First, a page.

ELISA data were analyzed by using 4 parameter logistic equations (Supplementary data). Continuous variables were summarized as mean ± SEM (Table 1). FGF-23, IL-6, CRP, TNF-a, were natural log (ln)-transformed. Associations between FGF-23, mineral metabolites, and markers of inflammation were analyzed using Spearman correlations. Univariate and multivariate regression analyses were conducted to examine the relationships between FGF-23, inflammatory markers (IL-6), markers of endothelial dysfunction (PAI-1, CD146), and mineral metabolites. In these, analyses were limited to the inflammatory markers that were found positive and significantly correlated with FGF-23 by Spearman test.
TIBC: Total Iron Binding Capacity; UIBC: Unsaturated Iron Binding Capacity; CAPD: Continuous Ambulatory Peritoneal Dialysis; CCPD: Continuous Cycling Peritoneal Dialysis
Univariate regression analysis was done in order to check to see if FGF-23 had influenced one of the variables. Using univariate regression analysis, a model was created by using FGF-23 as a dependent variable and IL-6, PAI-1, and CD146 as single independent variables. The same univariate model was adjusted by adding three more independent variables, i.e. calcium × phosphorus product (Ca × PO4 product), serum phosphate (Phos) and LDL. Multiple regression analysis was performed to analyze whether mineral metabolism significantly affected associations that were found using univariate regression.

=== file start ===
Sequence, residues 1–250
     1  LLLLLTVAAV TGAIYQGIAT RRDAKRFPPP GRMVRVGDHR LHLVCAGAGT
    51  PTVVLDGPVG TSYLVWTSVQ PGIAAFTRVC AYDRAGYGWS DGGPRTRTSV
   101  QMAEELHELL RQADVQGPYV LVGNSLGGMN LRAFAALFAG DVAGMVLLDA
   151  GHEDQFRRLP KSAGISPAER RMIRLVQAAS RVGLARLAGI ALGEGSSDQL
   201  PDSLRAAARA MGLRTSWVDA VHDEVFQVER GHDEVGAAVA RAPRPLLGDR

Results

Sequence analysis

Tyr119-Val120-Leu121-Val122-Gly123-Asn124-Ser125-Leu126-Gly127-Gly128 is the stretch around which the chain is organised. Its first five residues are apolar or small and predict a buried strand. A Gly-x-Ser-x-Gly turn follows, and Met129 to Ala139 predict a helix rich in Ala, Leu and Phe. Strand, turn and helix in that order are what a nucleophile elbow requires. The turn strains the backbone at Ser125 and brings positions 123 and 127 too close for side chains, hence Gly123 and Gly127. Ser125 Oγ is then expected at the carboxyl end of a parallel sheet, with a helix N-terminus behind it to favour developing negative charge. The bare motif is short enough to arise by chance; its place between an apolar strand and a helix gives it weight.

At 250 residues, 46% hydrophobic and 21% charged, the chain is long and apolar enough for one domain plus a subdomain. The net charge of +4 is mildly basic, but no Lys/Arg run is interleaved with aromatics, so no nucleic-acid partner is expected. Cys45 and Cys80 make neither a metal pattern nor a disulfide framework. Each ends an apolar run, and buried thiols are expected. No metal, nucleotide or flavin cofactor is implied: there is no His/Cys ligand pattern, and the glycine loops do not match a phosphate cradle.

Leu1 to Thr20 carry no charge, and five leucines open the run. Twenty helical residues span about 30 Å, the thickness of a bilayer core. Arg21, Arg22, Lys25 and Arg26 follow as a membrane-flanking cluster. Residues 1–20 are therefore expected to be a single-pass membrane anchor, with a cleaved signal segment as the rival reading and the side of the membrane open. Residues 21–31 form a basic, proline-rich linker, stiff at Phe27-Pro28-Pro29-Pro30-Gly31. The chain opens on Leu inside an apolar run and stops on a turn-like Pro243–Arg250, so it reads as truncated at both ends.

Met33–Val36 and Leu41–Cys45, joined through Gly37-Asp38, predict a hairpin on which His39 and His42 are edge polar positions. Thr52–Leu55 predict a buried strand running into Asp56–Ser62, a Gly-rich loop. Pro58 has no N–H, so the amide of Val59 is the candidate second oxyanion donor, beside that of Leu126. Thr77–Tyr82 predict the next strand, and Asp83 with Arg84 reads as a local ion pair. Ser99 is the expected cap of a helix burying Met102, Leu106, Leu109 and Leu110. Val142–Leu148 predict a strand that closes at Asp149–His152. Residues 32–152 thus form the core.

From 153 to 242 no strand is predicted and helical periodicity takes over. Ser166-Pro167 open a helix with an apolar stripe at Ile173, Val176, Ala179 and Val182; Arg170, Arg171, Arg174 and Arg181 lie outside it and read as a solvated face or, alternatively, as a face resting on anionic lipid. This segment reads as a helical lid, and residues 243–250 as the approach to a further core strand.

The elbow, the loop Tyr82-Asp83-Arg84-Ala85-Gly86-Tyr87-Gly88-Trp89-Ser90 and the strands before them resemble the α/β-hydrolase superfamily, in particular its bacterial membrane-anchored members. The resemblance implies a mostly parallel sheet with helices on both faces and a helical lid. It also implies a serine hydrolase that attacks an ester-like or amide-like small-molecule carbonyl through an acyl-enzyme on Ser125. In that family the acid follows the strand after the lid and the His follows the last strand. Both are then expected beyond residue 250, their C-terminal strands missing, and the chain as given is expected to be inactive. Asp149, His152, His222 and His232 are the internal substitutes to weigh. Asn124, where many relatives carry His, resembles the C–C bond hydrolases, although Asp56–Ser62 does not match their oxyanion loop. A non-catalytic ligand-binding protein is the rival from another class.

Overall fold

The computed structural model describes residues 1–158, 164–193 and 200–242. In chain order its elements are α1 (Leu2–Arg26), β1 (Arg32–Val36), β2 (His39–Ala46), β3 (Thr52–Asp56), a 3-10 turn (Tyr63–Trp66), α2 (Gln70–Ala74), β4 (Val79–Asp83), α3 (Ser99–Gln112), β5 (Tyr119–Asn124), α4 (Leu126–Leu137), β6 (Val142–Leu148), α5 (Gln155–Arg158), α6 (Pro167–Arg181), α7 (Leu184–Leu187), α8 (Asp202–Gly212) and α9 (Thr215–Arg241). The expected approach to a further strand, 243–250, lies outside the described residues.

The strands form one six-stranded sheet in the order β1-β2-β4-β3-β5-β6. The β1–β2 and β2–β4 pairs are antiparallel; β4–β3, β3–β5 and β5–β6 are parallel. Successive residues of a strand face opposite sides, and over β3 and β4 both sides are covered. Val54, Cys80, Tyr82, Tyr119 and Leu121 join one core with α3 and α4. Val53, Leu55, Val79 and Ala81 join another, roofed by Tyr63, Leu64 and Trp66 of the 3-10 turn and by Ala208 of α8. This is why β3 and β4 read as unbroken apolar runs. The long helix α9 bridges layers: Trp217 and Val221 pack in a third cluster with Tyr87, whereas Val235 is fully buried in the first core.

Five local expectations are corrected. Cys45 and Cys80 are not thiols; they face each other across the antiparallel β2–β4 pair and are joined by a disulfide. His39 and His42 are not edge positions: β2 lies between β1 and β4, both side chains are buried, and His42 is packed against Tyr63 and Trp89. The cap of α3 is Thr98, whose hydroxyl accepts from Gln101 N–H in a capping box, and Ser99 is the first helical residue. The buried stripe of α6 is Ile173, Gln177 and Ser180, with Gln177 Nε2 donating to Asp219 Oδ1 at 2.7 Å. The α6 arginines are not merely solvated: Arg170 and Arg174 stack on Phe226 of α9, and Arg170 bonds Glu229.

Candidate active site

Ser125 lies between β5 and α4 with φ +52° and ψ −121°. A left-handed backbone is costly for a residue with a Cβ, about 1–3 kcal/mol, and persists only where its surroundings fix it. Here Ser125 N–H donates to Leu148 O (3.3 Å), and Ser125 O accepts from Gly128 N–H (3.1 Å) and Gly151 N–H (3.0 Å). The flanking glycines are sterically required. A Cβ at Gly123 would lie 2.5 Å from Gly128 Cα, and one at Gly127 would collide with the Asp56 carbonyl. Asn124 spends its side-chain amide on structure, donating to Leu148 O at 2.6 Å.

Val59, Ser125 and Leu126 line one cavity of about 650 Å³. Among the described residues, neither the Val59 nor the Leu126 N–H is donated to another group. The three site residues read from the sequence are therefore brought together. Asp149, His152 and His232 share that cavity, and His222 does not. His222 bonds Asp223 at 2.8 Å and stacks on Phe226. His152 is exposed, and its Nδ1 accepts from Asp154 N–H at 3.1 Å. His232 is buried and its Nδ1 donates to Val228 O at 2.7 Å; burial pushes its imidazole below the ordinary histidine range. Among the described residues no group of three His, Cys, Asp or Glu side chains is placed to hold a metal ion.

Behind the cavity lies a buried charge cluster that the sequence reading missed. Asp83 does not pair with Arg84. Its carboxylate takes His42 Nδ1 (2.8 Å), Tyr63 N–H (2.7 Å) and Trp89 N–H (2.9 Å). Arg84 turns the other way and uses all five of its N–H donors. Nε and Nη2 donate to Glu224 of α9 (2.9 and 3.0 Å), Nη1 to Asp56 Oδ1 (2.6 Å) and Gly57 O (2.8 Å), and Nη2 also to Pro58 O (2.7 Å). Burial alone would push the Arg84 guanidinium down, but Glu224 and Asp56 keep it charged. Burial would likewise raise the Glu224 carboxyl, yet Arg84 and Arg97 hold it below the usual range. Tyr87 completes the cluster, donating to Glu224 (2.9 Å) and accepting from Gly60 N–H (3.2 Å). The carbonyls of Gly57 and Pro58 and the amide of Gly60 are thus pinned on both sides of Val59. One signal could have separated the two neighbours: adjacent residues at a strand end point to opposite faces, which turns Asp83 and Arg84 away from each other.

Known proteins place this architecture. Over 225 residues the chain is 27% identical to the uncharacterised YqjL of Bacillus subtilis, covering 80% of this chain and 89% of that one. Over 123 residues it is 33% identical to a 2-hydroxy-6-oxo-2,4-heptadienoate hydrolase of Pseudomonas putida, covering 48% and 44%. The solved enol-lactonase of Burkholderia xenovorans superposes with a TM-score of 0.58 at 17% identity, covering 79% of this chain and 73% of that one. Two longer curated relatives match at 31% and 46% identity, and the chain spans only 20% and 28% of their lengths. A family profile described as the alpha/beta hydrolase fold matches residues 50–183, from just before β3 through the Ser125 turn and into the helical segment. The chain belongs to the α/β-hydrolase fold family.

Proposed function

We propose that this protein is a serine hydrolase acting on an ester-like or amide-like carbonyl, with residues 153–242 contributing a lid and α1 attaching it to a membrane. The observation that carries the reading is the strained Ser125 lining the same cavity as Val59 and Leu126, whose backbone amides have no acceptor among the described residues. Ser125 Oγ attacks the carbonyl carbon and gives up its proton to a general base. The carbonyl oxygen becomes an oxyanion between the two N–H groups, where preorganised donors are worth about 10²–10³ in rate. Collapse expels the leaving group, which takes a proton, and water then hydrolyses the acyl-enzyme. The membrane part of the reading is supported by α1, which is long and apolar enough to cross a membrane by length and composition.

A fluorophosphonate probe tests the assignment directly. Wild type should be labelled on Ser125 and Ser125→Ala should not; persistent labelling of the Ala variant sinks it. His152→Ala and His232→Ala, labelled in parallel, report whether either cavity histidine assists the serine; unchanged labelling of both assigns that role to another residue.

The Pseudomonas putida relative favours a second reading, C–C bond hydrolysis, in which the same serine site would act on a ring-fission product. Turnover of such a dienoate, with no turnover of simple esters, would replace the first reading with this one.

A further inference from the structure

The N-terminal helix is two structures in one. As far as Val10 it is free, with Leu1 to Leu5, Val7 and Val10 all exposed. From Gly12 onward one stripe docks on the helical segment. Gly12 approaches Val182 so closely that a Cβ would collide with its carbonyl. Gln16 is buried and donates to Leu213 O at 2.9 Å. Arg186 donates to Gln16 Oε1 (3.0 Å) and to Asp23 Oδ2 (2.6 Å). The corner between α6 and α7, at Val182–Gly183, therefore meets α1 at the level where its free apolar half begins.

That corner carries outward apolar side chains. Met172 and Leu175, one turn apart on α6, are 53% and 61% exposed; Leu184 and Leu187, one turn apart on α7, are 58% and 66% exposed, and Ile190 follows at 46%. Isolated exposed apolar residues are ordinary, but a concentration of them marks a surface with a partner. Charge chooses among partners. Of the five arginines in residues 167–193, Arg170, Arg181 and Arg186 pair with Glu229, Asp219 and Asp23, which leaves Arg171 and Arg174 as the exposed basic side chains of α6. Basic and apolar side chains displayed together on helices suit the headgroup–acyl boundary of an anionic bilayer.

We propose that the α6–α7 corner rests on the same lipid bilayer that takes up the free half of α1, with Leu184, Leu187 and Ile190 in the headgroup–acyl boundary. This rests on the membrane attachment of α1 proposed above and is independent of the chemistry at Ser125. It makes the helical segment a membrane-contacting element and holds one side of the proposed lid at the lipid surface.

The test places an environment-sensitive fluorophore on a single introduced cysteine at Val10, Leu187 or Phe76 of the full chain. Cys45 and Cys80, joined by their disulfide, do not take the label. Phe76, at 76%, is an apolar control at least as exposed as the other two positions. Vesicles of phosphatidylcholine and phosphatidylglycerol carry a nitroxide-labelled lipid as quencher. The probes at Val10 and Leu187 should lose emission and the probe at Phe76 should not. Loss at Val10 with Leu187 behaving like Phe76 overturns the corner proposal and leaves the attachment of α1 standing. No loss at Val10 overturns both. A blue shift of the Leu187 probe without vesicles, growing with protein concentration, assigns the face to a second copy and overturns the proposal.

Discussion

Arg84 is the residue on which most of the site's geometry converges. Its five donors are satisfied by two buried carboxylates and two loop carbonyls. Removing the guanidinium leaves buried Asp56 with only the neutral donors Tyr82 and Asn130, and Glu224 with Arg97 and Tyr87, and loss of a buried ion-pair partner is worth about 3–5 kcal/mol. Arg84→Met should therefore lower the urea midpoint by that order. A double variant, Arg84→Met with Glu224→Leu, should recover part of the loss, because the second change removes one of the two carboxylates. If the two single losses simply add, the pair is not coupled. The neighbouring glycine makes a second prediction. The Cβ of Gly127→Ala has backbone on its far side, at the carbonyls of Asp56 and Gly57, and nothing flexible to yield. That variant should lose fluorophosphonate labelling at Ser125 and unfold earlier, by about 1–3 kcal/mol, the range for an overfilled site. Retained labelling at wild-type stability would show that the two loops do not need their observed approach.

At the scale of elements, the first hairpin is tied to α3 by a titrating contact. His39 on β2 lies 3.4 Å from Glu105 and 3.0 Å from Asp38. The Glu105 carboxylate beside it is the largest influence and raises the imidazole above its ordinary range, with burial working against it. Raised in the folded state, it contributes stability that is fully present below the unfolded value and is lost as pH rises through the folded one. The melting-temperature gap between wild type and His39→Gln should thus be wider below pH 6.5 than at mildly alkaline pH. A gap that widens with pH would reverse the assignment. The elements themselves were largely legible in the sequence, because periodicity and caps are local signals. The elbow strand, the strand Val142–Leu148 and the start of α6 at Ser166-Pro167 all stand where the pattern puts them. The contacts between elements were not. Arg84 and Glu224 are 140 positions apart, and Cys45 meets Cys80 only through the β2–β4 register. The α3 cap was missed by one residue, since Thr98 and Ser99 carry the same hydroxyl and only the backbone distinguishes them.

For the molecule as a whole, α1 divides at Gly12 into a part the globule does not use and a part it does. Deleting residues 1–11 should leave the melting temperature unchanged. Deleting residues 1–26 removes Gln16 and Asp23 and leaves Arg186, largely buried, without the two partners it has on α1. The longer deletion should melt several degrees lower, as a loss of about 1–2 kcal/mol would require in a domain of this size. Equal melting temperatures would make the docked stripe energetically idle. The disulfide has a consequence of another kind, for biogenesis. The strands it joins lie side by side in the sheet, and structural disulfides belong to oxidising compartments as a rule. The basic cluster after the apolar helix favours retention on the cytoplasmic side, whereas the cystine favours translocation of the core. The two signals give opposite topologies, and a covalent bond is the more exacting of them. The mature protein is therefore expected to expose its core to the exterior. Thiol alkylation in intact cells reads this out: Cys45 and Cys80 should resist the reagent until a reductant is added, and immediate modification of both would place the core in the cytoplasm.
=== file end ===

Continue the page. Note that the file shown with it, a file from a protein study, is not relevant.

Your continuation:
Two-sided p values<0.05 were considered to represent statistically significant differences. Data were analyzed using IBM SPSS version 20.0 (SPSS, Chicago, IL).
Socio-demographic characteristics and basic biochemical data of 15 patients are presented in Table 1. As expected, the study participants had elevated Phos levels. FGF-23 showed the significant and strong positive correlation with inflammatory marker IL6 (r=0.36; p<0.05), and with two of the endothelial dysfunction markers: PAI-1 (r=0.21; p<0.05) and CD 146 (r=0.29; p<0.05) (Table 2). In addition, both IL-6 and IL-1ß were positively correlated with levels of Phos, and IL-6 was positively correlated with the CaxPhos product. The same degree of positive correlation was noticed between markers of endothelial dysfunction (ET-1 and CD146) and Phos.